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14.2.2 Elements of Computer Forensics There are three key elements in any forensic investigations: the material itself, its relevance to the case in question, and the validity of any observations/conclusions reached by the examiner. Since computer forensics is very similar to ordinary physical forensics, these elements remain the same in computer forensics.

14.2.2.1 The Material In both roles the computer plays in forensic science, in the cases we have given above, the materials involved are both electronic and physical. Physical material investigation falls within the realms of the traditional police investigations where files and manila envelopes and boxes are all examined. The electronic form data is a little trickier to deal with. It may be data that does exist in hard copy, such as e-mail text, e-mail headers, e-mail file attachments, electronic calendars, website log files, and browser information. It may be deleted documents that must be recovered and reconstructed because deleted data does not necessarily disappear. Even when the reference to the deleted file is removed from the computer’s directory, the bits that make up the file often remain on the hard drive until they are overwritten by new data. Beside deleted data, data also may be encrypted or password protected, making it more difficult to get in its original form. If the computer is the focus of the investigation, then information from all system components is part of the required data. For example, network nodes and stand-­ alone personal computer operating systems create a great deal of administrative, management, and control information that is vital in the investigation. 14.2.2.2 Relevance Once the existence of the material has been established, the next important step is to make sure that the material is relevant. The relevancy of the material will depend on the requesting agency, nature of the request, and the type of the case in question. The requesting agencies are usually one of the following: • • • • • • •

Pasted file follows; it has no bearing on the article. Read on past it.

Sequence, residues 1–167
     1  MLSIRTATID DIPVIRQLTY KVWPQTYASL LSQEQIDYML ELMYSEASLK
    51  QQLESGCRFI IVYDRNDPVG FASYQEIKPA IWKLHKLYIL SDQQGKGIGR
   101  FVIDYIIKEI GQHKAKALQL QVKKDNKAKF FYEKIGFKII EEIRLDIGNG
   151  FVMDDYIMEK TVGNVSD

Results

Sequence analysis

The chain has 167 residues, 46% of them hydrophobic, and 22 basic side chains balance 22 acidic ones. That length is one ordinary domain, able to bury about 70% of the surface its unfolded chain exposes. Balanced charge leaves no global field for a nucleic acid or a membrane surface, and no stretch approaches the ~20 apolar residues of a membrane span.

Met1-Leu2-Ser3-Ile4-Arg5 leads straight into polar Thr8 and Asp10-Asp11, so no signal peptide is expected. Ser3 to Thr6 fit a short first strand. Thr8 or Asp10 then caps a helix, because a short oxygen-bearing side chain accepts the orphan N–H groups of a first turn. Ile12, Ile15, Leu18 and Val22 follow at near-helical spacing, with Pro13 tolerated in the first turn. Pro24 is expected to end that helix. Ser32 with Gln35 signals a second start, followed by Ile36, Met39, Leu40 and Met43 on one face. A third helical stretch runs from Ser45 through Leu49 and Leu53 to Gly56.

The victim Government Insurance companies The courts Private business Law enforcement Private individuals We will talk more about relevancy when we discuss the analysis of evidence.

14.2.2.3 Validity The question of the validity of data is tied up with the relevance of data. It is also based on the process of authentication of data. We are going to discuss this next.